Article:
Scalise (R-La.) will push for a House vote on an alternative health care plan crafted by the GOP Conference’s more hard-line members during a closed-door meeting of the Republican Study Committee on Thursday.The plan does the usual Republican stuff, and is not healthcare reform. It's a hodgepodge of Republican talking points on health care smushed together—buying across state lines, tort reform, health savings accounts, tax deductible premiums, and stealing from Obamacare the requirement that insurance companies take all comers, regardless of preexisting conditions. And it wouldn't work. Health insurance companies will not sell insurance to people with preexisting conditions out of the goodness of their hearts. The only way that requirement works is with the promise to insurance companies that everybody has to sign up and pay premiums—the individual mandate. It doesn't do anything to make insurance affordable for the 85 percent of people who received subsidies in the exchanges under Obamacare.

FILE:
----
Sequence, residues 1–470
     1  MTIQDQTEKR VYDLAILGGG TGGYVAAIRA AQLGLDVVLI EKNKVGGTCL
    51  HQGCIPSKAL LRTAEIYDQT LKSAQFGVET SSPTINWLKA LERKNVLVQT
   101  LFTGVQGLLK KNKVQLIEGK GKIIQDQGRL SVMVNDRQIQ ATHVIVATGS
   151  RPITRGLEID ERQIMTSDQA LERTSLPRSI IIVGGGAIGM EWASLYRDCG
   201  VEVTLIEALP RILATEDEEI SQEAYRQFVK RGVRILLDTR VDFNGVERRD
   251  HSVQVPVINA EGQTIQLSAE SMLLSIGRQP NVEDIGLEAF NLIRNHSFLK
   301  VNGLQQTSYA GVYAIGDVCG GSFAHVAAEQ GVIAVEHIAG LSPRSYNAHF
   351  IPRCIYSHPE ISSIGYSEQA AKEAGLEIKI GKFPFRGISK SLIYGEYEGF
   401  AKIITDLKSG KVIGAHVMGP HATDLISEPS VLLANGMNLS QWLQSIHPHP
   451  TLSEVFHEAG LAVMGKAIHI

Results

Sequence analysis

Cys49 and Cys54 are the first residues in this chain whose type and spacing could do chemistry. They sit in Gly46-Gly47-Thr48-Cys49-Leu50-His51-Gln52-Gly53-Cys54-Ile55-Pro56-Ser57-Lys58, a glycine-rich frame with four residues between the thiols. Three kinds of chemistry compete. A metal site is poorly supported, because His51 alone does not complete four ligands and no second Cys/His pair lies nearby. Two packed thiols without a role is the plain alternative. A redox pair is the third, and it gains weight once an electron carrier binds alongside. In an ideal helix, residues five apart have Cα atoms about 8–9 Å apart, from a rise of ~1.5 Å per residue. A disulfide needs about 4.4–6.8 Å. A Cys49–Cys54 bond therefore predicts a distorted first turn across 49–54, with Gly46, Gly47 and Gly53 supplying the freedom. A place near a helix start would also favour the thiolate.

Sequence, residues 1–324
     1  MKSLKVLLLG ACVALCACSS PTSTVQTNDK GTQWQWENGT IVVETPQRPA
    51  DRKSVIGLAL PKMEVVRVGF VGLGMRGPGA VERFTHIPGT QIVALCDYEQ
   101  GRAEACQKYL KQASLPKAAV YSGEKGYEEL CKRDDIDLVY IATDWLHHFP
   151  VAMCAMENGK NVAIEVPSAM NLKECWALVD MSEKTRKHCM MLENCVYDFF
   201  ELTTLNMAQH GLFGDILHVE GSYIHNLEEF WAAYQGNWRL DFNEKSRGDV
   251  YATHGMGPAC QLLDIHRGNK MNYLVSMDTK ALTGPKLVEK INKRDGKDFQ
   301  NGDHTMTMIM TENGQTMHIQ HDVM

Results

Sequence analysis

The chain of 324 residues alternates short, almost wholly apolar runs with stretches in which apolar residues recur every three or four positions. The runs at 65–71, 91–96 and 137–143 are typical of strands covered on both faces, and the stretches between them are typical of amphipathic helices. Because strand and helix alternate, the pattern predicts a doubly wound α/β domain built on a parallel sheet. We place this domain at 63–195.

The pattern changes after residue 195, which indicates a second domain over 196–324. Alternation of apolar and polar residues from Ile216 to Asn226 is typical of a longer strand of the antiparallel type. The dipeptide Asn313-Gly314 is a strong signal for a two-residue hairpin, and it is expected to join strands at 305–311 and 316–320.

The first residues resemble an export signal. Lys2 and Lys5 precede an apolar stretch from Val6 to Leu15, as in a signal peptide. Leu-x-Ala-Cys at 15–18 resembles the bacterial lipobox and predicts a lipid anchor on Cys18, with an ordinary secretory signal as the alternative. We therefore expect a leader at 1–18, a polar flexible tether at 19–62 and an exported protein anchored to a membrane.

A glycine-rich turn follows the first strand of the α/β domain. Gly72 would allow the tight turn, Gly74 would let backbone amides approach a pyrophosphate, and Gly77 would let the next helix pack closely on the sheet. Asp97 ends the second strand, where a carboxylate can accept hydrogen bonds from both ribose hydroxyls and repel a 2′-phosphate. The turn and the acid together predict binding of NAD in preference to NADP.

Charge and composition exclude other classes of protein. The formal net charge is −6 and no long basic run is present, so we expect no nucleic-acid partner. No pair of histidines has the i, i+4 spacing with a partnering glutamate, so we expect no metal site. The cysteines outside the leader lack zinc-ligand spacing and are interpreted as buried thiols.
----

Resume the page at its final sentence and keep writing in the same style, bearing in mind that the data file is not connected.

“The American people can’t afford to wait any longer for Congress to repeal and replace Obamacare,” Scalise said. “The time is now to bring an Obamacare replacement bill to the House floor that lowers costs and puts patients back in charge of their health care decisions.”
But it is a headache for House Speaker Boehner and Majority Leader Cantor, who've got proposals from all of the chairs of committees that have jurisdiction on health care. They also can't seem to decide between "fix" and "repeal" now that Obamacare keeps scoring success after success and the public has soured on scrapping the law and the tea party crazies are still hell-bent on doing just that. On top of all that, to have to come up with some kind of replacement plan before November that can pass muster. In other words, the House Republican caucus is as chaotic as ever, and Boehner as hapless in dealing with it as ever.